Through the balance (Abhyam) between enthusiasm (Abhyasa) and serenity (Vairagya) we also reach the calm state of the mind (Tan Nirodhah), which is the main aim of yoga.

It is only through this balance that we (starting from physical experience) can enter deeper and deeper into more subtle areas.

By now, yoga has been very popular for quite a while in Germany. Did you observe a certain change as far as practitioners are concerned during the last few years? Are there now more advanced yogis who have not only deepened their asana practice but also their knowledge on the mental, philosophical, energetic and meditative level?

In Germany, more people than ever are currently practicing yoga. In my eyes, there are two developments: on the one hand, yoga reaches more and more areas of life and different social spheres. Even though this holds the danger that quality sometimes suffers in the process, I definitely welcome this tendency as it offers many more people access to yoga. In parallel, a second line of development tends towards reaching a greater depth. People who have been practicing on a regular basis for years now start their search to find out more about the effects of yoga practice on all aspects of their being and to thus reach the essence of yoga.

For me, this second line of development is of particular importance. For this reason, during workshops and trainings, I offer assistance for participants to better understand the background of yoga practice. In this context, I shed light on both the anatomic-physiological effects and therapeutic aspects and the traditional origins and philosophical concepts including their application.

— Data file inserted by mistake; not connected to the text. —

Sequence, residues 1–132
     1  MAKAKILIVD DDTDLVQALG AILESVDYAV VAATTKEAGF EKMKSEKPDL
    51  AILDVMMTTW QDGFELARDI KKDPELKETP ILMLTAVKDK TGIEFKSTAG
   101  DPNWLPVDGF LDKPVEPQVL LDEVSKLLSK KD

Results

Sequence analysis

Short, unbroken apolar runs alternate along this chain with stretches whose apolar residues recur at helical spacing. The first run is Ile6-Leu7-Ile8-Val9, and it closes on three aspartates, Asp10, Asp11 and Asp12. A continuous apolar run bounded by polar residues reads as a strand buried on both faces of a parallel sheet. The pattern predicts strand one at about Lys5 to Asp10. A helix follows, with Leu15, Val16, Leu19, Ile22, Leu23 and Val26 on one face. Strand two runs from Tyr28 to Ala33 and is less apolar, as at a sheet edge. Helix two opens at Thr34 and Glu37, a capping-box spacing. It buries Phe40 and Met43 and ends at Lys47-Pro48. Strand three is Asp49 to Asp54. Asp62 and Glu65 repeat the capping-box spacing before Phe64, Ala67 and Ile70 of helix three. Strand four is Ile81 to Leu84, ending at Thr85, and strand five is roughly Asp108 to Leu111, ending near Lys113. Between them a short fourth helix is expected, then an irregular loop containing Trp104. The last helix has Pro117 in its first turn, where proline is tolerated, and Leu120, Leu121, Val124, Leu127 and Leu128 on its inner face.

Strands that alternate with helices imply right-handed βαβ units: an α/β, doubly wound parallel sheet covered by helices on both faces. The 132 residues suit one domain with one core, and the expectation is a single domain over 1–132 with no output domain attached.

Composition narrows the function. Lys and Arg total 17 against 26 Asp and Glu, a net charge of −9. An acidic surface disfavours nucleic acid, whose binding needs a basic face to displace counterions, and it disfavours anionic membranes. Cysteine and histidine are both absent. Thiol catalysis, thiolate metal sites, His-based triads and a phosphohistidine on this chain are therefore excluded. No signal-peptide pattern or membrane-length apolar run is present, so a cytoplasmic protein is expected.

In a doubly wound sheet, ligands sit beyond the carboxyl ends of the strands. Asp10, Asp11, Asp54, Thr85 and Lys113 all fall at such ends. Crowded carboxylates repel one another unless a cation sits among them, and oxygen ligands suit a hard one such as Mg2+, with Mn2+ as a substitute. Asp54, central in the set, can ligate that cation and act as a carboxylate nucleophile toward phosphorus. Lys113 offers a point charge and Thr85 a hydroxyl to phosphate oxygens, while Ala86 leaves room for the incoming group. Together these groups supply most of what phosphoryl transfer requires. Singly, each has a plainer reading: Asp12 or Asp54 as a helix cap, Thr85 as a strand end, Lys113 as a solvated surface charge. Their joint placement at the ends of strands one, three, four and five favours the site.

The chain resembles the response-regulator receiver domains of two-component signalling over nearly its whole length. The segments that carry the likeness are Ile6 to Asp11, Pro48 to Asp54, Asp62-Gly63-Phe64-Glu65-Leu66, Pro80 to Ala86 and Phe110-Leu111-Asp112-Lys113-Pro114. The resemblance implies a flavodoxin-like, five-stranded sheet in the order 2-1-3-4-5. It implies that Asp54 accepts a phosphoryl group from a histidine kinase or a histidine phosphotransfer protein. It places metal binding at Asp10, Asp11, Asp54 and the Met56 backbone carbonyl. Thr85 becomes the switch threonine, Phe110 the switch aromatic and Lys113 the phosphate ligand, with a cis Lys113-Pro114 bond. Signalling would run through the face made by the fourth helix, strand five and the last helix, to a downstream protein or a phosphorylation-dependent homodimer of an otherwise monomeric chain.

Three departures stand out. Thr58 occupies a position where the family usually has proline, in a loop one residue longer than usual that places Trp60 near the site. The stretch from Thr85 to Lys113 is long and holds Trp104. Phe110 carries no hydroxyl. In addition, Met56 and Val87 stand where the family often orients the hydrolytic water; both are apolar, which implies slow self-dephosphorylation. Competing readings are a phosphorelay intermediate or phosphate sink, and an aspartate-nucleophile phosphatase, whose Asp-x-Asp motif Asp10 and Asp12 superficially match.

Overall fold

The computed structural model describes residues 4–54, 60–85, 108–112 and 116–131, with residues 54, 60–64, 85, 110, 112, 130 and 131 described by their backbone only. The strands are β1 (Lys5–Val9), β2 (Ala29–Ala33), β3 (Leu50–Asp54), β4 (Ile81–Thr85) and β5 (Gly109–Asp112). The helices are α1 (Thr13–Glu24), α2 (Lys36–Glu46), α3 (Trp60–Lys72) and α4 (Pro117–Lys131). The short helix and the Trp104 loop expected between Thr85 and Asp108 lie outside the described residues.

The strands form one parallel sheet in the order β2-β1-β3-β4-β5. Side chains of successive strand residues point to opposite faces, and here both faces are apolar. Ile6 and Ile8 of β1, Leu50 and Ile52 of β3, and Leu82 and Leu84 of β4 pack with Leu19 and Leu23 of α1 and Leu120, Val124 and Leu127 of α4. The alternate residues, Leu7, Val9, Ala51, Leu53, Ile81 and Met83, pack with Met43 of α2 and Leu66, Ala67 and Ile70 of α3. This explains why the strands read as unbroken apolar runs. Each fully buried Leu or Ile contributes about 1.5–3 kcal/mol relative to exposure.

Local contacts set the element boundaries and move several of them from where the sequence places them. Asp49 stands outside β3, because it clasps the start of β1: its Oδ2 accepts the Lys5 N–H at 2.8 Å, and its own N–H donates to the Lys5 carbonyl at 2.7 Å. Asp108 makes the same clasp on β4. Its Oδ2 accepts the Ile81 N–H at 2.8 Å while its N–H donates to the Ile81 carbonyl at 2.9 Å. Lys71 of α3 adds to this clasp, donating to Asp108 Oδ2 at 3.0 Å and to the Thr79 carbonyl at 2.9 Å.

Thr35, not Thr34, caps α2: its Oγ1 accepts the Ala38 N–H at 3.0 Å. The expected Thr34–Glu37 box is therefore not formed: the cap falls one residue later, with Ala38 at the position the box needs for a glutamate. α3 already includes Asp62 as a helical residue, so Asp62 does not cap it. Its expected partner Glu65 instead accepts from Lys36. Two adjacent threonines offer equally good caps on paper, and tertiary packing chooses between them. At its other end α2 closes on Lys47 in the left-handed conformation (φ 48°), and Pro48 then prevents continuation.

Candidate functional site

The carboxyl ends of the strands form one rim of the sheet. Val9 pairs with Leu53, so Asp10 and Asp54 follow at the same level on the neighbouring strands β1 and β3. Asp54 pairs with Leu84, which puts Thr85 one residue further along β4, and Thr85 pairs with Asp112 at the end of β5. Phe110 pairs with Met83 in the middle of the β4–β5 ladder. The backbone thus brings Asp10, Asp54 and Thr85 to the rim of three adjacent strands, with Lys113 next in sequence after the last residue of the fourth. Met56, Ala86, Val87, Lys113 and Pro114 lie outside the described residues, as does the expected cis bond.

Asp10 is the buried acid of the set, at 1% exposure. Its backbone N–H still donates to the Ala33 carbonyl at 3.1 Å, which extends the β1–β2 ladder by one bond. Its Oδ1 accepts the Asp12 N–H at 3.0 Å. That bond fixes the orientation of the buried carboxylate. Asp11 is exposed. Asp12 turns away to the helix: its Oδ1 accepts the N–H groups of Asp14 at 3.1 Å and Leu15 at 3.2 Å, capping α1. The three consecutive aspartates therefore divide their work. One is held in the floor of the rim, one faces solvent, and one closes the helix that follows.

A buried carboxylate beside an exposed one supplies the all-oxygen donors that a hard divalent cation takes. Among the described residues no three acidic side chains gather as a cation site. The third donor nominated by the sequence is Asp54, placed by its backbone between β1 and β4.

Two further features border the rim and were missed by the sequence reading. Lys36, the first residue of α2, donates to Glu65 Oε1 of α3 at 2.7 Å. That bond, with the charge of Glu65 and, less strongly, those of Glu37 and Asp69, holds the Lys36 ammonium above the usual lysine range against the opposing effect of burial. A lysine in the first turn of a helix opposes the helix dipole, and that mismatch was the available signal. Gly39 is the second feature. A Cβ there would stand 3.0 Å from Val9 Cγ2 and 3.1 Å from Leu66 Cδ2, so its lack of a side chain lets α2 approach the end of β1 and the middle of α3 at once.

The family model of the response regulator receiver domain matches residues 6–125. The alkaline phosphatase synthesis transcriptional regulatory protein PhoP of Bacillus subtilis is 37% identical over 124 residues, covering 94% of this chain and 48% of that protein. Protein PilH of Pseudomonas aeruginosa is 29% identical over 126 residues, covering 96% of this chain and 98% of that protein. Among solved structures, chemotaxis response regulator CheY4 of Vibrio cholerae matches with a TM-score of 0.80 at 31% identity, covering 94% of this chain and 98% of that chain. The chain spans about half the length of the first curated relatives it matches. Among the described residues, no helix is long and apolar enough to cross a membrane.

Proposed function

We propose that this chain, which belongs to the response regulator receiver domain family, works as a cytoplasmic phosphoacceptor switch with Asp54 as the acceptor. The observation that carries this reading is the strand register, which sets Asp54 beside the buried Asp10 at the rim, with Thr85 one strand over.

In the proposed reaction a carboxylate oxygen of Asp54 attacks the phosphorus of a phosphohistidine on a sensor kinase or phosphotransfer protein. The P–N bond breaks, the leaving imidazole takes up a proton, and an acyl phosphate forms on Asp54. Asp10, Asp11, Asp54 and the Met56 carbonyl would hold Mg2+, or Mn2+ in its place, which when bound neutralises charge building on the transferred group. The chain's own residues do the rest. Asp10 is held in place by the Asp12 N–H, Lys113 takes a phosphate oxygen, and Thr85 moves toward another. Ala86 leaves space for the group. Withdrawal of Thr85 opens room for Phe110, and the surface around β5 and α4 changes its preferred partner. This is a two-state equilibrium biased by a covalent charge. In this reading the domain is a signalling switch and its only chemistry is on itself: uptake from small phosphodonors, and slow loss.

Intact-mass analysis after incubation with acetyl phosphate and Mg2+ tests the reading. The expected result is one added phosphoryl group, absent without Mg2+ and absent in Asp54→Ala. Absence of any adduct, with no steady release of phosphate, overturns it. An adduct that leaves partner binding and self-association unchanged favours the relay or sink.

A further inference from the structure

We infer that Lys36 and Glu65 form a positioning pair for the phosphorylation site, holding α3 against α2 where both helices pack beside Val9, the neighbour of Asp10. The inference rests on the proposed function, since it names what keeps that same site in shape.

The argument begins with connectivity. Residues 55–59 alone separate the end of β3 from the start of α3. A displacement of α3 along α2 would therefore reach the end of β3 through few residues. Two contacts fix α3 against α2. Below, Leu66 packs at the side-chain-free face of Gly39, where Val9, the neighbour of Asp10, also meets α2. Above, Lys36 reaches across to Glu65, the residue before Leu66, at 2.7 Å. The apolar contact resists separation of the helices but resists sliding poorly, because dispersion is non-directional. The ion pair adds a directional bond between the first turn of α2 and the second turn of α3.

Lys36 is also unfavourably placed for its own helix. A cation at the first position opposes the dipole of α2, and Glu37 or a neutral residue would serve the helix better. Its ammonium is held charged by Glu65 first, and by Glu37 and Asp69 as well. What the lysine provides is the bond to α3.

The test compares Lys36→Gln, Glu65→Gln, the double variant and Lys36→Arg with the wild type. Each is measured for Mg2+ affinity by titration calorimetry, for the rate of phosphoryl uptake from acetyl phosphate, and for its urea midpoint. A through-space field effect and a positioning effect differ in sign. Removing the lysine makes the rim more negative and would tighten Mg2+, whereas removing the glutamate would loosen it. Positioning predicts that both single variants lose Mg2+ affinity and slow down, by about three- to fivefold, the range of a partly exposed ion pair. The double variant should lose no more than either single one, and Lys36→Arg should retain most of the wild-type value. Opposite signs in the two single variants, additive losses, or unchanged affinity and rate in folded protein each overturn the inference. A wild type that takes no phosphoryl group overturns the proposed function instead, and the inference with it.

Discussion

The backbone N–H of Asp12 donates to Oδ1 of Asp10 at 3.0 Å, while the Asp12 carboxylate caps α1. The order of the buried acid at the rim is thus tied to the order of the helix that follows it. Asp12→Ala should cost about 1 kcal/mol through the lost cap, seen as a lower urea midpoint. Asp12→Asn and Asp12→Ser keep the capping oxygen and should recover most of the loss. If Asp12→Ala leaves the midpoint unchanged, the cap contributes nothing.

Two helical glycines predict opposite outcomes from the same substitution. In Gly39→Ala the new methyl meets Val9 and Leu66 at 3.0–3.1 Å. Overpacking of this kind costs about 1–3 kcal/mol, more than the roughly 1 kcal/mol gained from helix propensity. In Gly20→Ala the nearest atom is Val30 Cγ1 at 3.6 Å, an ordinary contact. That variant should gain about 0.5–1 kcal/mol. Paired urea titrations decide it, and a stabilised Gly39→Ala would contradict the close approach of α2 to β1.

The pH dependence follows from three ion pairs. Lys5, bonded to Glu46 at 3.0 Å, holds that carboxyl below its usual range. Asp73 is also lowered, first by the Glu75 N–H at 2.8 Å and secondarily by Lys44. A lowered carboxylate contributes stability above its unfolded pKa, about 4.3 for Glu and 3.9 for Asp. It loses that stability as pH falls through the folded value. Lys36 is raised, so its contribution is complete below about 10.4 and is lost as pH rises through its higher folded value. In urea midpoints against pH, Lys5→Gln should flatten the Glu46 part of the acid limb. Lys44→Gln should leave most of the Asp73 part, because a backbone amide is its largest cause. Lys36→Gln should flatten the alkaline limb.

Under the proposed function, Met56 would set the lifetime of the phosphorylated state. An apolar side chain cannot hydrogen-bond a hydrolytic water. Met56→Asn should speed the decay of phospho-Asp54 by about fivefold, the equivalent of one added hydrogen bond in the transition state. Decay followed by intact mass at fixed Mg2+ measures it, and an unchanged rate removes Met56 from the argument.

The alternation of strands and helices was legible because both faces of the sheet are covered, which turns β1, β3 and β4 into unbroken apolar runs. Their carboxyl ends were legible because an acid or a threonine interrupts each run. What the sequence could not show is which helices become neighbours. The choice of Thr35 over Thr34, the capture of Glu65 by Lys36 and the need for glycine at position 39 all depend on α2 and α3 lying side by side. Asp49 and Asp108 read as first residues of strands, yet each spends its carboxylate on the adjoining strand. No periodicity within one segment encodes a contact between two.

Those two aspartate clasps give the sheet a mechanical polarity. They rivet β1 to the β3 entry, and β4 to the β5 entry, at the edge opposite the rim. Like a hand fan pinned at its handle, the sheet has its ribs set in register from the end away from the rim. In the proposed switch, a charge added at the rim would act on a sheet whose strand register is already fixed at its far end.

In this way, the book by Anna and me can serve as an entry to the incredibly rich yoga treasure vault. I wish all readers a happy treasure hunt!

"Yoga für Fortgeschrittene. Learn and master both simple and more complex asanas. Understand anatomical processes and effects. Discover mythology, symbolism and the mental level of yoga.” by Ronald Steiner and Anna Trökes (GU, ca. EUR 25).

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What Yoga Journal says

At the end of their book, Anna Trökes and Ronald Steiner thank "the teachers who lightened up the flame of enthusiasm in us to go on the lifelong yoga journey." This enthusiasm becomes apparent on every single page of "Yoga für Fortgeschrittene“. Not only do individual chapters feature aesthetic images and lovingly created illustrations but also very precise explanations of single asanas, bandhas, mudras, pranayamas and meditations. As a result, the complex subtitle lives up to its promise: by reading the book, we can not only deepen our own practice and anatomical knowledge but let us also become enchanted by the stories about mythology and symbolism. May the authors' flame of enthusiasm continue to burn for a long time!

Résumé: A great book on the basics of yoga which one likes to open again and again because you always discover something new and deepen your understanding of every single aspect of yoga.